Shareholders OK with soaring executive pay in US

Shareholders OK with soaring executive pay in US

Tesla shareholders recently approved an enormous pay package for CEO Elon Musk
Tesla shareholders recently approved an enormous pay package for CEO Elon Musk. Photo: Frederic J. BROWN / AFP
Source: AFP

Executive salaries at major US corporations are soaring -- but shareholders happy with stock prices and greater transparency over remuneration are not pushing back.

Between 2017 and 2023 the average annual compensation for a CEO at an S&P 500 company rose nearly 40 percent to $16.3 million, according to the consulting firm Equilar.

That compares to a 27 percent increase for the average US worker.

But shareholders do not seem to mind. Only twice this year -- or 0.5 percent of the time -- did they vote down executive pay packages proposed at annual meetings, said the business consulting firm ISS-Corporate.

In 2021 and 2022, a string of big Wall Street firms were hit with flak over juicy executive compensation, including Starbucks, JPMorgan Chase, Intel and General Electric.

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"Investors are finally pushing back on massive CEO pay hikes," Time magazine wrote in June 2022. But this angry sentiment vanished as quickly as it had popped up.

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"Shareholders tend to vote down plans after a poor performance or stock price performance in particular," said Kevin Murphy, a finance professor at the University of Southern California who specializes in executive pay.

The coronavirus pandemic hit the US economy and financial markets hard.

"That was sort of a funny year because we obviously had the big drop in March of 2020, the stock market crash during pandemic and for the most part, stock prices rebounded but it wasn't even across all firms," he said.

But in today's market, with stocks hitting record after record, shareholders are not in a rebellious mood.

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Just last week Tesla shareholders approved a compensation package for Elon Musk of just under $50 billion.

Under the so called Dodd-Frank Act that came out of the financial crisis of 2008, companies have to submit their executive pay packages to a shareholder vote at least every three years, a practice known as "say on pay."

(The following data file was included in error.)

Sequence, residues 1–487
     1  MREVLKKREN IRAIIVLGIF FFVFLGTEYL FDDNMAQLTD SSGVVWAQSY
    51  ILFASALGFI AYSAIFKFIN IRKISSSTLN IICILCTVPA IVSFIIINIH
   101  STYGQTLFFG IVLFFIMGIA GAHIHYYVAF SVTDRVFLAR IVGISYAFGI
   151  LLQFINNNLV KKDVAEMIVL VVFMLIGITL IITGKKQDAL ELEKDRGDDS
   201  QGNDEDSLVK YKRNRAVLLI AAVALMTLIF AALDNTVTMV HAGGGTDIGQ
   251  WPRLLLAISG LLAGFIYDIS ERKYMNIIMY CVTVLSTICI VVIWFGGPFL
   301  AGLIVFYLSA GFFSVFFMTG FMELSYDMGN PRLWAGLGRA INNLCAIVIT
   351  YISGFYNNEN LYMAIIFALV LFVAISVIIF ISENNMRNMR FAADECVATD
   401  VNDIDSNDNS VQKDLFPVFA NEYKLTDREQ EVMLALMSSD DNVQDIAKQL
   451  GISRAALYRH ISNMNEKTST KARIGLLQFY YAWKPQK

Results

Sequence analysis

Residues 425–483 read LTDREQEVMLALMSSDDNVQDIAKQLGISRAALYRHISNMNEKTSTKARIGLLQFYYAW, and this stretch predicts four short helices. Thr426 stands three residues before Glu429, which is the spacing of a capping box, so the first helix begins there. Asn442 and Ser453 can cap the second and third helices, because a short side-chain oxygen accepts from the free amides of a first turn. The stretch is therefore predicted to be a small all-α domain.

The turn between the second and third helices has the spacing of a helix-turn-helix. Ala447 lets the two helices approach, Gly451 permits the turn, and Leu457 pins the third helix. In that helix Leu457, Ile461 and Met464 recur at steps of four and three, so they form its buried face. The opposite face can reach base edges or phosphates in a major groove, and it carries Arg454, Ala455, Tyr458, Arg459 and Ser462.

The votes are non-binding, but in most cases when a pay package is rejected, corporate boards back down and trim them.

The idea of "say on pay" has introduced transparency in the business world.

"So in terms of the worst practices, a lot of them have been limited. A lot of the more extreme ones," said Rosanna Landis Weaver of the shareholder advocacy group As You Sow.

"There are very few cases in recent memory in which a CEO was dismissed but walked away with an outrageously large pay package," said David Yermack, a professor of finance at New York University.

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Follow the pack

The Dodd-Frank law also forces companies to disclose the ratio between their top executive's compensation and the median salary.

In 2023, that ratio rose to 196 times, compared to 158 times five years earlier, according to Equilar.

A study published this week by Bentley University and pollster Gallup said that 82 percent of Americans feel it is important to avoid a major pay gap between CEOs and average employees.

"The CEO-employee pay gap is a controversial issue. While high CEO salaries can attract top talent, they can also be seen as excessive," Kristina Minnick, a professor of finance at Bentley University, said as part of this study.

Still, advocates of limiting CEO pay are the minority in the broader American electorate.

Bills to this effect that were proposed in recent months by Alexandria Ocasio-Cortez or Bernie Sanders, prominent figures of the American left, have gone nowhere in the US House of Representatives.

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The idea of "say on pay" has prompted many companies to turn to consulting firms to guide them on CEO pay and use benchmarks to compare their packages to those of other companies.

These advisory firms are paid by companies to which they make recommendations on whether to approve or reject CEO pay before a yearly shareholder meeting. The best known ones are Institutional Shareholder Services (ISS) and Glass Lewis.

"So the combination of having say on pay and having ISS seem so influential as a proxy advisor, has been that over the last 10 years, compensation programs have become more similar," said Marc Hodak of Farient Advisors.

Sums up Kevin Murphy, "the easiest way to not make waves is to do what everybody else is doing."

Source: AFP

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